The Balloons depict Perry's childhood teddy bear 'Alan Measles', designed, created and distributed in order to celebrate the opening of Grayson Perry’s 'The Most Popular Art Exhibition Ever!' at the Serpentine Galleries in London from 8 June to 10 September 2017.
There are limited numbers each day and there is only one week left to secure your own unmissable disposable art piece from the eccentric artist. The Mulberry Bond St opening hours are Monday-Saturday 10:00-17:00 BST and Sunday 12:00-18:00 BST.
Don't miss these beautiful gifts!
London Fashion Week Men's has begun! Every season, SHOWstudio commissions a new artist to interpret key runway looks from the current collections. For time it's artist Sally Bourke.
Bourke is an Australian-based painter whose studio career spans almost twenty years and has been exhibited widely in Australia. Her artwork is inspired by her upbringing and her portraits and scenes are an attempt to make reconciliations with her past, live in the present and imagine the future.
Head to the SHOWstudio Tumblr to stay updated with Sally Bourke’s portrayal on the LFWM collections!
Live Panel Discussions: shows that raise eyebrows, pique interest and spark debate This season, our Live Panel Discussions focus on the shows SHOWstudio deems the most relevant and conversation-worthy. Lou Stoppard and Finn McTaggart will chair panels alongside industry experts. Our panels this season will be streamed regularly at 11:00 or 17:00 BST. See our schedules for each city below:
Charles Jeffrey LOVERBOY Saturday, 10 June, at 17:00 BST
Topic: Young London. How has the city's longstanding interplay between club culture and fashion shaped new designers?
Finn McTaggart, SHOWstudio editor
Lyall Hakaraia, mentor and creative maverick
Princess Julia, DJ and writer
Willie Walters, professor
Richard Mortimer, editor
See what the panelists had to say about Charles Jeffery in the live panel discussion here
JW Anderson Thursday, 15 June, at 11:00 BST
Topic: Art and Fashion. Off the back of Anderson’s Disobedient Bodies exhibition at The Hepworth Wakefield, we discuss the 'designer as curator'.
Finn McTaggart, SHOWstudio editor
Mimma Viglezio, creative consultant
Amnah H Knight, editor
Jenna Rossi-Camus, curator
Hettie Judah, writer
Watch the panel discuss J.W Anderson S/S 18 Men's collection and Disobedient Bodies exhibition here
Dolce & Gabanna Saturday, 17 June, at 17:00 BST
Topic: Social media and the rise of the ‘influencers’. Students weigh in on fashion’s new relationship with celebrity.
Lou Stoppard, SHOWstudio editor
Marco Bajjali, menswear student at Royal College of Art
Ben Duncan, fashion design student at University of Westminster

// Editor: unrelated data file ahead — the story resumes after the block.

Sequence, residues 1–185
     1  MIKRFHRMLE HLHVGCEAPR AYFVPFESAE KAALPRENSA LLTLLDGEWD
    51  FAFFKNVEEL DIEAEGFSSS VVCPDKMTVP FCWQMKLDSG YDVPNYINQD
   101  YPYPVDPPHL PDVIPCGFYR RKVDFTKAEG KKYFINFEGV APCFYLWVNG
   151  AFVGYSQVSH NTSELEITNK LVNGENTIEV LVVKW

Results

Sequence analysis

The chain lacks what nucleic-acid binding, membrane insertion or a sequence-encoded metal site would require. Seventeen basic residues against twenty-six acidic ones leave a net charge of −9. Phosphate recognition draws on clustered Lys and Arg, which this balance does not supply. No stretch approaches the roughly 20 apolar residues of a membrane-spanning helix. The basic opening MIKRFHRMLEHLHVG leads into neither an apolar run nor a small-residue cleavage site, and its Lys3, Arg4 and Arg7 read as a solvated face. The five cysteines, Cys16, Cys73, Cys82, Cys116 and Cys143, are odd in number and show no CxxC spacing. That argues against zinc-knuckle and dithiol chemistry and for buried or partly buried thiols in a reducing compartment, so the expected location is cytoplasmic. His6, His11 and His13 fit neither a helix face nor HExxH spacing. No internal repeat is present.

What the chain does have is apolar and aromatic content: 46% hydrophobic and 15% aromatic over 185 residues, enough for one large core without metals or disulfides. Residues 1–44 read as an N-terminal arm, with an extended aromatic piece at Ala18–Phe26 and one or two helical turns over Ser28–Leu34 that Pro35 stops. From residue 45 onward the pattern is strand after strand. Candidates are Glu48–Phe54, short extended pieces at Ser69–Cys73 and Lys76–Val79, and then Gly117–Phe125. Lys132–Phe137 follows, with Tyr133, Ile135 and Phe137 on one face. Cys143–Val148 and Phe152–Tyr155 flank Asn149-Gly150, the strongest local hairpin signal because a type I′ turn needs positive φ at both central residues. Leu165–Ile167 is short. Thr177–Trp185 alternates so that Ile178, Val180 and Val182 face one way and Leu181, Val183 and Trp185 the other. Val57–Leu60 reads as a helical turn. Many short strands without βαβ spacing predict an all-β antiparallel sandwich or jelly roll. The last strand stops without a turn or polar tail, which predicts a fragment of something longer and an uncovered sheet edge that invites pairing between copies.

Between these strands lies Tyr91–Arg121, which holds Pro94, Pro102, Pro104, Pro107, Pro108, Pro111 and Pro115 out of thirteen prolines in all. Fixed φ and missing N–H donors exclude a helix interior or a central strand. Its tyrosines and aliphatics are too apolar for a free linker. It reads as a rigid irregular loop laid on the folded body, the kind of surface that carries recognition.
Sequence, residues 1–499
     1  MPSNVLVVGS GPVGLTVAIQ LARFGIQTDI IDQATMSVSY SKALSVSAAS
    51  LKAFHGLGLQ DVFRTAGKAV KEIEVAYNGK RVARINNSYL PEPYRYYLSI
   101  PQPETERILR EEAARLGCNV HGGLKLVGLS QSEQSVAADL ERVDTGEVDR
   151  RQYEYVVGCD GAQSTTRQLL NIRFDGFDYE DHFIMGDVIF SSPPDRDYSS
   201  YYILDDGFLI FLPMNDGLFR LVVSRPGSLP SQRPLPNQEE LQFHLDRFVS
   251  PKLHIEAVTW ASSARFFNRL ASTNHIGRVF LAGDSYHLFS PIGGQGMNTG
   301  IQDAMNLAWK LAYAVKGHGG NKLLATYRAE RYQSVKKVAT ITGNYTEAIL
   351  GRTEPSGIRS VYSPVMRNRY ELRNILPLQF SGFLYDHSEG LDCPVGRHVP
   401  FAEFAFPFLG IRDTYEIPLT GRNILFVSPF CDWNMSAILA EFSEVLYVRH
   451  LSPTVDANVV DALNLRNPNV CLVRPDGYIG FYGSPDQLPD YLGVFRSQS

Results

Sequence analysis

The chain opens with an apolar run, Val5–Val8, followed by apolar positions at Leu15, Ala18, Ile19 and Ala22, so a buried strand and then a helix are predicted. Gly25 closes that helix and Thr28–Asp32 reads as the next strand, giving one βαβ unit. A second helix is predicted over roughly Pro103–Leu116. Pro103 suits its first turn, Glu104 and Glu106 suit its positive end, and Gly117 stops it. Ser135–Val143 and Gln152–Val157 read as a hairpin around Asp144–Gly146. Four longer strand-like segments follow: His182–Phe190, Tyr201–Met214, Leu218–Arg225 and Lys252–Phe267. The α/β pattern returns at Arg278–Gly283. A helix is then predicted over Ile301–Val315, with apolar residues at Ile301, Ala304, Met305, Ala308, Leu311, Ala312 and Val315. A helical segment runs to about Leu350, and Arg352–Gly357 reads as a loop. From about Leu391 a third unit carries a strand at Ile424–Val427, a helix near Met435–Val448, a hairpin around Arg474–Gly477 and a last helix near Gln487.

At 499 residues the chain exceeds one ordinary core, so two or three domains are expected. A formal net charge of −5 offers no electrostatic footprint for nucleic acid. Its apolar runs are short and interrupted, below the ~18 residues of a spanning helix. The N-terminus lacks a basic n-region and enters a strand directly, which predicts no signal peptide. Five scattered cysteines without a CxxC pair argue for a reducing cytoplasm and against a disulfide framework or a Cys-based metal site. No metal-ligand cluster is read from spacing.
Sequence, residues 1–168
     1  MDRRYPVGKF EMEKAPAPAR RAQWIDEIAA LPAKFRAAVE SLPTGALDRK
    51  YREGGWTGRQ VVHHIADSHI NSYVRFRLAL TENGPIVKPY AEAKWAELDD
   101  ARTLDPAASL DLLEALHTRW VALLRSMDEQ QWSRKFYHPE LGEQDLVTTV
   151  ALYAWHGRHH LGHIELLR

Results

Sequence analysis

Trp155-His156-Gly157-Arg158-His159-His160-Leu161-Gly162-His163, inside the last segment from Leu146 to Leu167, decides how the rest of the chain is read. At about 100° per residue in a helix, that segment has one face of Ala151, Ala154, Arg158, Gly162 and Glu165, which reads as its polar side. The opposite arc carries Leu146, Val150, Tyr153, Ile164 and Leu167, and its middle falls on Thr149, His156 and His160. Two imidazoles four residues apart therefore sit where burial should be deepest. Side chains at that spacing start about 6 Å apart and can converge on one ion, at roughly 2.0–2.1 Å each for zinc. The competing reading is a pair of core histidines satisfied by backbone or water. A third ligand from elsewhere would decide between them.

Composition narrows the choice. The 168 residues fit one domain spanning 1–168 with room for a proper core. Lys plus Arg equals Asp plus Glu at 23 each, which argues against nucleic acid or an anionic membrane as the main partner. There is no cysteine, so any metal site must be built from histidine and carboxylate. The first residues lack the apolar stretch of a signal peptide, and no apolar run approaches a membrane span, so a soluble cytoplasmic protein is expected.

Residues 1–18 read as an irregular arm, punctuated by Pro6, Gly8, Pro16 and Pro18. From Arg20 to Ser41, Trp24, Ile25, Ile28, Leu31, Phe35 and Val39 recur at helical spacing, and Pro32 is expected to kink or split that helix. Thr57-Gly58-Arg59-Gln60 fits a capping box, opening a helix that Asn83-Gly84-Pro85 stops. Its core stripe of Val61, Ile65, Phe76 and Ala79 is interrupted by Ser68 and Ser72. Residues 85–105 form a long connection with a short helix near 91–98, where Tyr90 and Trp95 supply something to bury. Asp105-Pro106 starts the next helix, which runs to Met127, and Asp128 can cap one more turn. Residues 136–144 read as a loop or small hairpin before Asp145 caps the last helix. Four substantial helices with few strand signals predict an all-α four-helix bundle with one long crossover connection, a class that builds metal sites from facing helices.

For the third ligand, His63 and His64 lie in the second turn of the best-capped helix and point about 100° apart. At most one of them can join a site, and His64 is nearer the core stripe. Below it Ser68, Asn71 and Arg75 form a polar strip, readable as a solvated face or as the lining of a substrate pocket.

Natasha Ahmed, fashion promotion & imaging student at University of Creative Arts Epsom
Priyesh Patel, fashion history and theory student at Central Saint Martins
Live footage from the D&G panel discussion is now available to watch here.Prada Sunday 18 June, at 17:00 BST
Topic: This year, Prada staged their first fashion show dedicated to Cruise. This panel focuses on the changing business models dominating fashion.
Lou Stoppard, SHOWstudio editor
Mimma Viglezio, creative consultant
Karinna Nobbs, academic
Mandi Lennard, fashion PR
Trino Verkade, creative consultant
See what our panelists had to say about Prada S/S 18 menswear here
Walter Van Beirendonck Wednesday, 21 June, at 17:00 BST
Topic: This discussion considers how gay culture has impacted, shaped and changed fashion.
Finn McTaggart, SHOWstudio editor
Dino Bonacic, writer and creative director
Tom Rasmussen, journalist and drag queen
Jake Hall, writer
See what our panelists had to say about Walter Van Beirendonck's S/S 18 collection, and the issues of representation of gay and queer culture in fashion here.
Comme Des Garcons Homme Friday, 23 June, at 17:00 BST
Topic: To time with the Met’s current show, The Art of the In-Between, this panel looks at the cult of Comme.
Finn McTaggart, SHOWstudio editor
Jeffrey Horsely, curator
Conner Ives, designer
Rob Nowill, editor
Watch the panel discussion about Rei Kawakubo's S/S 18 offering here.
Raf Simons: Wednesday 12 July, at 17:00 BST
Topic: The designer as a creative director. This panel considers the role a designer can play in changing and shaping a brand, in this case, Calvin Klein.
Lou Stoppard, SHOWstudio editor
Stavros Karelis, buying director
Andrew Davis, stylist
Patrick Grant, creative director
While you wait for the panels, head to our Collections page to stay up to date with what menswear is offering for S/S 18!